Northern Canada has an enduring mystique in the minds of southern Canadians. Images arise of vast treeless tundra, polar bears, exotic foods and the North’s resilient inhabitants—both Indigenous and later explorers. Offsetting that mystique are reports of grave social problems—youth suicide, hunger and the lack of clean drinking water. But what is life really like, and what is Anglican ministry really like in northern communities?
The Council of the North’s new 5-Session study, titled Northern Witness, aims to share stories of northern communities and ministry with the rest of the Church—and to show how northern ministry, with all of its particular challenges, is a ministry “of the whole Church, by the whole Church.”
Comprising 85% of Canada’s geography and only 15% of its population, all dioceses of the Council of the North face isolation, harsh weather and sometimes unreliable communications networks. Add to that the continuing effects of poverty in many areas, and the legacy of the residential school system—and you have a very high level of pastoral needs. The Council of the North includes the dioceses of Caledonia, Yukon, Athabasca, Saskatchewan, Brandon, Moosonee, the Arctic, The Territory of the People and the Indigenous Spiritual Ministry of Mishamikoweesh.
Study Module #2 has a special focus on the work of non-stipendiary priests. Taking as its theme a passage from Paul’s letter to the Corinthians, we learn about a husband-and-wife team of non-stipendiary priests on Sagkeeng First Nation, MB.
The Reverends Richard and Nancy Bruyere have day jobs, but they also minister tirelessly to the sick and the dying and all those in need in their community. Richard says, “We get called to Winnipeg and we go pray for people in the hospital and it is challenging … but it’s also very rewarding.” “But we have this treasure in jars of clay, to show that the surpassing power belongs to God and not to us” (2 Cor. 4:7). As Richard and Nancy travel, they carry with them a treasure—the message of God’s love and hope. And they know that God’s surpassing power is working through them.
Richard and Nancy’s story is just one of many northern stories that have been chosen in order to inspire fellow Anglicans to intensify their prayers and their support for those who serve in the North. But this Bible Study is designed not only to strengthen southern support for the Council, but to enrich the ministry and faith of southern parishes using the Study.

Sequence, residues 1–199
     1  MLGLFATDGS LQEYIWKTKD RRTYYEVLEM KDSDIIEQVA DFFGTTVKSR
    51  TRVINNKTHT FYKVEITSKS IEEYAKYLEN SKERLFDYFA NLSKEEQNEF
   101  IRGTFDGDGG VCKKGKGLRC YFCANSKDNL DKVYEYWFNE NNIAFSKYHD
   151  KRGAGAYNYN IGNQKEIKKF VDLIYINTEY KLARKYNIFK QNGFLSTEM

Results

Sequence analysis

Archbishop Fred Hiltz, Primate of the Anglican Church of Canada, has called the Council of the North a “laboratory of experimentation in mission.” At the Council of the North 2015 annual meeting, the Primate commented that looking across the church at changing patterns of ministry, the church as a whole can point to the Council of the North for its leadership.
And indeed, ministry in the Council of the North, in spite of—or perhaps because of—its particular challenges, is marked by a mission-minded approach, ecumenical co-operation and a spirit of flexibility and innovation. To help participants relate their learning to their own lives and parishes, each session includes discussion questions.
The sessions include, Mission and Service: Standing in solidarity, seeing lives transformed; Seeking the Kingdom: Trust and treasure; Removing Barriers: Finding Healing in Jesus; and Partnership: Deepening our fellowship in Christ.
To download or order colour copies of this free Bible Study resource, please visit here.
Copyright © 2016 Council of the North
Produced by Hauser Communications; Stories written by Sharon Dewey Hetke.
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